Institute for Marine and Atmospheric Research (IMAU)

Atmospheric Physics and Chemistry Group (APCG)


Ongoing Projects

Quantification of CO emission from large point sources using satellite measurements

Iris Dekker


Since a few years the urban population number exceeds that of the rural population and the amount of megacities has continued to grow. The densely populated (mega)cities are a significant source of all kinds of air pollutants. Carbon monoxide (CO) is a major air pollutant in cities. It is a toxic gas for humans on ground level, a precursor of ozone in the troposphere, and has an important role in the oxidizing power of the atmosphere. This all makes it important to monitor CO concentrations. The lifetime of carbon monoxide is several weeks, which makes its sources harder to detect than e.g. sources of NOx with a lifetime of hours to days. However, due to its relatively long lifetime, CO can be a good tracer of pollution transport. As the spatial resolution of satellites is improving, the detection and quantification of city CO emissions from space comes within reach. The MOPITT (Measurements Of Pollution In The Troposphere) instrument on the NASA’s Terra Satellite has a CO data record of more than 15 year and recently a data product with improved sensitivity to the Earth surface is released. This makes carbon monoxide data an interesting study object.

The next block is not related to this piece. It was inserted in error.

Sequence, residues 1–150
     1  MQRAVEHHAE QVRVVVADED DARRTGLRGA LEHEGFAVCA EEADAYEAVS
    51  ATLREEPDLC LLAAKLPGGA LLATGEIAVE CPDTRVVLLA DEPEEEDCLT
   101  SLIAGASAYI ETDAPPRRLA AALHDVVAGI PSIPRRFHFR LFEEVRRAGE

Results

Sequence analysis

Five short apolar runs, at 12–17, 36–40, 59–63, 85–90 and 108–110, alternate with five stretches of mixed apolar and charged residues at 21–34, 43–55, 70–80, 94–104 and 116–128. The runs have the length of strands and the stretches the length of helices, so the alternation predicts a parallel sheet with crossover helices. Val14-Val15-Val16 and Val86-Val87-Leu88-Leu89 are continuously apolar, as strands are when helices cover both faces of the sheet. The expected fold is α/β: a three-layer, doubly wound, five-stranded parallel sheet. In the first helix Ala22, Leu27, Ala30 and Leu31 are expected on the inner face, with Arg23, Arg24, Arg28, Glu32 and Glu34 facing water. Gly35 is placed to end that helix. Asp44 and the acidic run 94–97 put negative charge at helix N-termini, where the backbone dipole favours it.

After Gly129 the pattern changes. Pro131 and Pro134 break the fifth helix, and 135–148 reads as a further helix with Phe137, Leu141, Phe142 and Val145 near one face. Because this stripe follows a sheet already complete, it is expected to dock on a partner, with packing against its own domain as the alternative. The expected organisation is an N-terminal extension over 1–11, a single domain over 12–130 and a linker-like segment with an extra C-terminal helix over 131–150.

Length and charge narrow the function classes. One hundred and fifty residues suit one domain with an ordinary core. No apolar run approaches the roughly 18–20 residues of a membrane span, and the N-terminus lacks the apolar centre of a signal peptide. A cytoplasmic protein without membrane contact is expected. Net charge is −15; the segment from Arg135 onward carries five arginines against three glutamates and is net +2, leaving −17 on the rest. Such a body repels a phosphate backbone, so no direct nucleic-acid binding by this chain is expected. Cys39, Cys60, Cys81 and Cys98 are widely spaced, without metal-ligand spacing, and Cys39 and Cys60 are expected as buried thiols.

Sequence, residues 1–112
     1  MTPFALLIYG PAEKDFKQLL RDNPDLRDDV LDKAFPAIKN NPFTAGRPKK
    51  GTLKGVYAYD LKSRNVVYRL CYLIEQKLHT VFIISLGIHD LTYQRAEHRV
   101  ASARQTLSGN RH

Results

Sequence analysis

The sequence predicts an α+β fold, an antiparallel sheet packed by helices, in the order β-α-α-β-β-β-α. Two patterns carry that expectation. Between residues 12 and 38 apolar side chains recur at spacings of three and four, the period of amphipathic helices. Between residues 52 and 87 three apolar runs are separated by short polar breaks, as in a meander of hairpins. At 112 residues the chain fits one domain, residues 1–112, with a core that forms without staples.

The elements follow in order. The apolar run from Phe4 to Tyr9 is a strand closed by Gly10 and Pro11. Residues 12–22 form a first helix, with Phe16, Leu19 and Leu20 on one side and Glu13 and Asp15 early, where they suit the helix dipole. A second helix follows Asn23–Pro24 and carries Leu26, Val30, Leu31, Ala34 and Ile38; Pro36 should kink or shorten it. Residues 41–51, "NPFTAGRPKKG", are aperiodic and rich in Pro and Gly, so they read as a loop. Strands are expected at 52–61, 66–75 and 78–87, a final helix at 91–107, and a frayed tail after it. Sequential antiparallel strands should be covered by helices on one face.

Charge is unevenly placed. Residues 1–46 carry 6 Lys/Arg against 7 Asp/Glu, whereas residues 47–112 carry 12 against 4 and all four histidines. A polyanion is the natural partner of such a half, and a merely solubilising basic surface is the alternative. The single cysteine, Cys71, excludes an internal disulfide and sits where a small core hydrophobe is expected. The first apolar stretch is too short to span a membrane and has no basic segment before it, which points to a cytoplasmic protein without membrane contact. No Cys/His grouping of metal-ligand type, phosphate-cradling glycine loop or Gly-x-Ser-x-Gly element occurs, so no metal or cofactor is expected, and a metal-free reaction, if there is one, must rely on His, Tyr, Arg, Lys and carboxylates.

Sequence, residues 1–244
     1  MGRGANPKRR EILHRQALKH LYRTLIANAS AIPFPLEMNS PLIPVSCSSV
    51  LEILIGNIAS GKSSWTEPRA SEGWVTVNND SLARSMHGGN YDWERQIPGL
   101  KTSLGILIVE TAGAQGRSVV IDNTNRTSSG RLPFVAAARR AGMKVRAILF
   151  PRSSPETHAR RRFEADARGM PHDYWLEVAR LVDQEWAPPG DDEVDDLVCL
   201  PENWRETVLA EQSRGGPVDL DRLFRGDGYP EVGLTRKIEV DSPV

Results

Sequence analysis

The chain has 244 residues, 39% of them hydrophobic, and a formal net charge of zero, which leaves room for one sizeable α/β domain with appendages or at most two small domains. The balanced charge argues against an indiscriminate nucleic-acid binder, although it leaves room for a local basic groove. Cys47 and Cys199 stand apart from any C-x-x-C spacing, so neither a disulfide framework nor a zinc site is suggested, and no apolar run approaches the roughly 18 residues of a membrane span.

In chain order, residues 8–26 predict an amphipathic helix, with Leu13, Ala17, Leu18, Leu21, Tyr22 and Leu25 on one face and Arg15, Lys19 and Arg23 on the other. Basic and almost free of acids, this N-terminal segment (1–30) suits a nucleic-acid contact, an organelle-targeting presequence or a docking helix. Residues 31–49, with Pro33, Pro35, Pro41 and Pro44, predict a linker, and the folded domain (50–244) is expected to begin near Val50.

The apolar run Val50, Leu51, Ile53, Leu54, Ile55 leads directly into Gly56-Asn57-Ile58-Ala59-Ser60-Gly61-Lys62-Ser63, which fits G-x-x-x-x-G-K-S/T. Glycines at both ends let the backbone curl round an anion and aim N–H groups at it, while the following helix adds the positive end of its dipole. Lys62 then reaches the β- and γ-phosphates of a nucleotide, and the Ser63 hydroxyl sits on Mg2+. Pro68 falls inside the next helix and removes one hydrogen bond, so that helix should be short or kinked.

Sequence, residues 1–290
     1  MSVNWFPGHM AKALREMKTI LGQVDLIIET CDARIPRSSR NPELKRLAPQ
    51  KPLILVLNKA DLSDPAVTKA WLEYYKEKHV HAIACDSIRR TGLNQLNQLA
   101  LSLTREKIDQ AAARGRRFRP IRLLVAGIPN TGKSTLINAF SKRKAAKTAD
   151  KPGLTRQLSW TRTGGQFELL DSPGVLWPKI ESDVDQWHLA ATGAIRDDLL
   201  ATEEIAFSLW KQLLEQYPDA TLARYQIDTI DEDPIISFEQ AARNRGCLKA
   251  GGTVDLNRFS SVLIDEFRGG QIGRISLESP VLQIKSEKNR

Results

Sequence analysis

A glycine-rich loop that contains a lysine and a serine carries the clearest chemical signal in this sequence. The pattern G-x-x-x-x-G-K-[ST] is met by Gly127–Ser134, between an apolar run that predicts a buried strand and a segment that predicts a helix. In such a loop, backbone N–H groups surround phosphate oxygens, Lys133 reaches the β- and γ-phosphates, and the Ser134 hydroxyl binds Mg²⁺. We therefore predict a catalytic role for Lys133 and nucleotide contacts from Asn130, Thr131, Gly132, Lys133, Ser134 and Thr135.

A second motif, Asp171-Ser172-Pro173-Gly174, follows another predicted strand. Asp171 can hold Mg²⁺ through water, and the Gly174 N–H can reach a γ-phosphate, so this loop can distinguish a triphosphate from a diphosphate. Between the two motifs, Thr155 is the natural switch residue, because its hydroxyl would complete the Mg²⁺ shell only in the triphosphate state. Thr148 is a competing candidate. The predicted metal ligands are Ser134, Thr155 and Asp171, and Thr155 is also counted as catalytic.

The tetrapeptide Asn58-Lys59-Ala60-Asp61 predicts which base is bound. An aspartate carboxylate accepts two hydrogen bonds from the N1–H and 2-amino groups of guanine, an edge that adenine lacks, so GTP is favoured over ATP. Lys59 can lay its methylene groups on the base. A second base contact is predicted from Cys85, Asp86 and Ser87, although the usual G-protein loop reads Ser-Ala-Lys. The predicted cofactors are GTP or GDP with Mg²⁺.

The aim of this project is to translate the relatively coarse satellite observed signals into emissions on city scale. For doing this, an atmospheric transport model, WRF-chem with a high resolution up to 1x1 km2 will be used. The method will be developed and tested using sources that are relatively well quantified, after which it will be applied to other sources that are much more uncertain. The benefit of using satellite and model data is that global coverage is reached, so that places without a dense network of air pollution measurement stations can be examined as well. In the future, the method will be applied to the data of TROPOMI, an ESA instrument on the Sentinel 5 satellites, to be launched in 2016. As TROPOMI’s resolution and coverage will be better than that of MOPITT, the possibilities will likely increase, so even smaller cities can be examined. TROPOMI will also provide data for other species such as NO2, and CH4 , so that emission ratios can be investigated as well.